The Ephrata Cloister: Unveiling the History of a Religious Utopia

Sisters’ House and Meetinghouse at the Ephrata Cloister.

Nestled in the heart of Pennsylvania’s Lancaster County, the Ephrata Cloister is a testament to a unique and enigmatic chapter in American history. This preserved historic site offers a glimpse into a religious community that thrived during the 18th century, leaving behind a legacy of extraordinary devotion, artistry, and a profound connection with the divine. This summer, I enjoyed a VIP tour of the second and third floors of the Saron (the Sisters’ House) and Saal (the Meetinghouse), typically closed to the public.

The second floor of the Saron. Check out the doorway in this unaltered photograph. 😲 Something doesn’t seem quite right.

Enjoy this overview of the historic Ephrata Cloister’s captivating story and some fantastic photos of how these simple but highly devoted Christians once lived.

Founding of the Ephrata Cloister

The Ephrata Cloister was founded by a German immigrant named Conrad Beissel, who came to the site in 1732 seeking to live as a hermit following his own religious ideas. Beissel believed earthly life should be spent preparing to achieve a spiritual union with God at the Second Coming, which he felt would soon occur. He and a small group of followers established the Cloister as a religious community that combined elements of Pietism, mysticism, and communal living.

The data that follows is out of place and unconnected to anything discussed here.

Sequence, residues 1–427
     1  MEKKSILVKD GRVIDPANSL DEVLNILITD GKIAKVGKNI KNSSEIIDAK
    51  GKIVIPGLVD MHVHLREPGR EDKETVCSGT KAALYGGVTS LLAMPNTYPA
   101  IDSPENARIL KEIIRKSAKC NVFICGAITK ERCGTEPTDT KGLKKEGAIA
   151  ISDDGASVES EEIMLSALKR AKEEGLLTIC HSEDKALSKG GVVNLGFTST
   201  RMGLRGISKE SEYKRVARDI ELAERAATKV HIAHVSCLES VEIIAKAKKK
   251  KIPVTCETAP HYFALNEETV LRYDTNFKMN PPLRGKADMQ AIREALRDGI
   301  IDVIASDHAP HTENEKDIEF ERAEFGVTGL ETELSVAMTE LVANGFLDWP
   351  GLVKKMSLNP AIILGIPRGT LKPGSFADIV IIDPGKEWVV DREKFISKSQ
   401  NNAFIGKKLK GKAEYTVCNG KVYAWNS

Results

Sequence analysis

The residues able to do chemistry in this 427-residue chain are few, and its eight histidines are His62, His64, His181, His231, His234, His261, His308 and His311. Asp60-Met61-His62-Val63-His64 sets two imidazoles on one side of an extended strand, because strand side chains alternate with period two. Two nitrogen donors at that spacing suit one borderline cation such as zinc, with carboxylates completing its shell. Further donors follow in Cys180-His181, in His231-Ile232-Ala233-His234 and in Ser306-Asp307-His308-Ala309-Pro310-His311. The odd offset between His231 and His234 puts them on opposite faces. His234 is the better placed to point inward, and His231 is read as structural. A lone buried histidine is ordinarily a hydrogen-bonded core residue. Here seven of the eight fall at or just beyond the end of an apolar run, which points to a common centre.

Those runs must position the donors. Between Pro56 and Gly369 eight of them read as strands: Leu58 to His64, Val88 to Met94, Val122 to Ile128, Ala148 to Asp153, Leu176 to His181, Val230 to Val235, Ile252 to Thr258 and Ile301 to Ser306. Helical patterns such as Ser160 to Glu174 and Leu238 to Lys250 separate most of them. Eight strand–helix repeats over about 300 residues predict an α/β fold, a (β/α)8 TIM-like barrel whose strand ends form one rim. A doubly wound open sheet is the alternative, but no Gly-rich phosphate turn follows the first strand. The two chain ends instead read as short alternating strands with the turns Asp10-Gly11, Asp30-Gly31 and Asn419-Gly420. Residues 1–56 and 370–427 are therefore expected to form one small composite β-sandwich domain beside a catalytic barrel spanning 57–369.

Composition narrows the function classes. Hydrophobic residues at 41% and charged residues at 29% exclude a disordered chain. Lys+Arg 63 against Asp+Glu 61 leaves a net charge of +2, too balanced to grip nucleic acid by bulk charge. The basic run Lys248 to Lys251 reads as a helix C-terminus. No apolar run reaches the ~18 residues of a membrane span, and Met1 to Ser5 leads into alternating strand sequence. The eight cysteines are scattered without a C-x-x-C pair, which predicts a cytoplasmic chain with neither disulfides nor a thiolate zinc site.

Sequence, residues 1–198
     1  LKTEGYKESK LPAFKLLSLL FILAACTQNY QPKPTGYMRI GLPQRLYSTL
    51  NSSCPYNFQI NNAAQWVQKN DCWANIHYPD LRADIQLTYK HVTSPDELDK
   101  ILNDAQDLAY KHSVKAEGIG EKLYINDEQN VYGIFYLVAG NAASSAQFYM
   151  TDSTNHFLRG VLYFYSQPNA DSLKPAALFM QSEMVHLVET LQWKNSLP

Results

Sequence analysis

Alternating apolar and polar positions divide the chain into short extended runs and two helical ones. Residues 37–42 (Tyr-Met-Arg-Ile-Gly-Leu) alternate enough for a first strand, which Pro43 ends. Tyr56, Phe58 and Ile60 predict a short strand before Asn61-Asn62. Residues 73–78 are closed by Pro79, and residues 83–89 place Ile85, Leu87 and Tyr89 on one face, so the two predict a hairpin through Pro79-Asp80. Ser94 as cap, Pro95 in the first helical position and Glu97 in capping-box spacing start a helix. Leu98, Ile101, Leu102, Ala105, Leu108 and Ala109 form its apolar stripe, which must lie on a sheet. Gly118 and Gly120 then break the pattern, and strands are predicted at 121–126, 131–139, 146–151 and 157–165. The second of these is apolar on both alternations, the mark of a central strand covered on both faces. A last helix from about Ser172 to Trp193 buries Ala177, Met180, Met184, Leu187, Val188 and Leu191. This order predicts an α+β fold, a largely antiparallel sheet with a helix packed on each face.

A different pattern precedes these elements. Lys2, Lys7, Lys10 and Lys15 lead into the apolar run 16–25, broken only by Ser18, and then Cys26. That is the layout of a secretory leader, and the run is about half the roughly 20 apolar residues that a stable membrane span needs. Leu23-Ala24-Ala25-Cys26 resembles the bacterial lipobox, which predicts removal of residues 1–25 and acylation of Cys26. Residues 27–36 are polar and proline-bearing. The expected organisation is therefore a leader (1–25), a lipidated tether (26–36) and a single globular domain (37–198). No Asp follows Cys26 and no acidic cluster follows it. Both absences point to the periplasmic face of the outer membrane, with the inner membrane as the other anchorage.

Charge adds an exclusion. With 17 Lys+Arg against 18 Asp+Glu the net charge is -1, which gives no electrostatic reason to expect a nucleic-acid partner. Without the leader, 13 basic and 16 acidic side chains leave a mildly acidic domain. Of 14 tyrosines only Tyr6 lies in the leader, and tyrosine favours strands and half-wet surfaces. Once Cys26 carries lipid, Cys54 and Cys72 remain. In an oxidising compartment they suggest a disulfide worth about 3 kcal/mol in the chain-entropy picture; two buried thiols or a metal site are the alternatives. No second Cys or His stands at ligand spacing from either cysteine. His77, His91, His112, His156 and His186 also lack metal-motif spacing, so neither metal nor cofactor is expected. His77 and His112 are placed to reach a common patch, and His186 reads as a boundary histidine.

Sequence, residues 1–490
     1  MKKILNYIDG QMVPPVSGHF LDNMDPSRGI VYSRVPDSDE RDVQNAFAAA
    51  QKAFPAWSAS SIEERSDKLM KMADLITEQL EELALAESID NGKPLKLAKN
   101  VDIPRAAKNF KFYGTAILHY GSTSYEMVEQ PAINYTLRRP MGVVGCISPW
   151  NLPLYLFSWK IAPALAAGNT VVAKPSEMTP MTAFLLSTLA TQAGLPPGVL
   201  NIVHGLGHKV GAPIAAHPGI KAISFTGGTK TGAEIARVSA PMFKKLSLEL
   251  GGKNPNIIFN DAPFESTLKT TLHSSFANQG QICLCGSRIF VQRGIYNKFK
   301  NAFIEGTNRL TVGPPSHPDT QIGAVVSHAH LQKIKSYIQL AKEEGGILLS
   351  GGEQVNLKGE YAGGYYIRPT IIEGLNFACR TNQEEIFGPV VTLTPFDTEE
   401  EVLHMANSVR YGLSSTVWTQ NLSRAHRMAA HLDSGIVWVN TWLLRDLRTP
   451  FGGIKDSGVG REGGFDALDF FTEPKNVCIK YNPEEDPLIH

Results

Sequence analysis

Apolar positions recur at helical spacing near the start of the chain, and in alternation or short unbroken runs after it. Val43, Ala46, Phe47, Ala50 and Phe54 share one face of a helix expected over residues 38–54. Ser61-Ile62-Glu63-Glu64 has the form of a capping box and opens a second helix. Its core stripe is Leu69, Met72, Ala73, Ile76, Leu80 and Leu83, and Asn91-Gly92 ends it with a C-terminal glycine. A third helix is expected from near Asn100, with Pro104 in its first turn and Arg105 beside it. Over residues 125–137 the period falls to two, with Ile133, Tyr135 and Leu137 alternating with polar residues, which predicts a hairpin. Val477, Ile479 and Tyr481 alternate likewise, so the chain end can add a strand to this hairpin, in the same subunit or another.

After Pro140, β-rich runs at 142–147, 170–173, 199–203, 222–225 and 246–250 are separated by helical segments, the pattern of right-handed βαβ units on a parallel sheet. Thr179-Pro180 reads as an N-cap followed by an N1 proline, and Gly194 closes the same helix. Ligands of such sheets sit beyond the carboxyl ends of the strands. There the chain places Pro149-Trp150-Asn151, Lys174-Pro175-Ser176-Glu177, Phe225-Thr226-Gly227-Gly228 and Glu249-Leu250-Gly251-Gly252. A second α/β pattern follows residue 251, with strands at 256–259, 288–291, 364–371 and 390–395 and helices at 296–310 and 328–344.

📷: Historic Ephrata Cloister

The Life of the Cloistered Brethren and Sisters

The Ephrata Cloister was organized into two distinct groups: the celibate “Brotherhood” and the “Sisterhood.” Members led an austere and disciplined life, which included celibacy, communal living, and adherence to strict daily schedules of worship, work, and prayer. They dressed in distinctive white robes and wore their hair long, adding to the Cloister’s mystique.

📷: Historic Ephrata Cloister

Members were required to sleep on wooden benches 15 inches wide, with wooden blocks for pillows. They slept six hours per night, from 9 p.m. to midnight and from 2 a.m. until 5 a.m., with a two-hour break to “watch” for the coming of Christ. They ate one small vegetarian meal a day. The only time the followers of Beissel were permitted to eat meat was during the celebration of communion when lamb was served. The members of the Cloister spent much time at work or praying privately. Services every Saturday were led by Beissel, often being several hours long.

15-inch wide bench from the Sisterhouse used for sleeping.

The Printing Press and the Martyrs Mirror

One of the most remarkable aspects of the Ephrata Cloister was its use of the printing press. The community produced religious texts, including hymnals and illuminated manuscripts. The most famous work to come from the Ephrata press was the Martyrs Mirror.